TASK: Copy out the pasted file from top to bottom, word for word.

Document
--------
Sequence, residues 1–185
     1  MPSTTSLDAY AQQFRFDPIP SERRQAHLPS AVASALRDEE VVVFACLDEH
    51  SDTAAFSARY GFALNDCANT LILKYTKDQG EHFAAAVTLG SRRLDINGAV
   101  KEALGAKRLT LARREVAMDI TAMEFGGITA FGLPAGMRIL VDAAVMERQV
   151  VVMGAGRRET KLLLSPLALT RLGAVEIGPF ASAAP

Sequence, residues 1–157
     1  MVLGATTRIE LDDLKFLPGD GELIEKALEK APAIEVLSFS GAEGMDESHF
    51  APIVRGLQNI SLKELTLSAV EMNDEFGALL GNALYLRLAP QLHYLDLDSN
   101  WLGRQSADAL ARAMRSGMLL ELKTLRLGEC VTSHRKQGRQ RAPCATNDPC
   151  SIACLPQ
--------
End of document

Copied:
Sequence, residues 1–185
     1  MPSTTSLDAY AQQFRFDPIP SERRQAHLPS AVASALRDEE VVVFACLDEH
    51  SDTAAFSARY GFALNDCANT LILKYTKDQG EHFAAAVTLG SRRLDINGAV
   101  KEALGAKRLT LARREVAMDI TAMEFGGITA FGLPAGMRIL VDAAVMERQV
   151  VVMGAGRRET KLLLSPLALT RLGAVEIGPF ASAAP

Sequence, residues 1–157
     1  MVLGATTRIE LDDLKFLPGD GELIEKALEK APAIEVLSFS GAEGMDESHF
    51  APIVRGLQNI SLKELTLSAV EMNDEFGALL GNALYLRLAP QLHYLDLDSN
   101  WLGRQSADAL ARAMRSGMLL ELKTLRLGEC VTSHRKQGRQ RAPCATNDPC
   151  SIACLPQ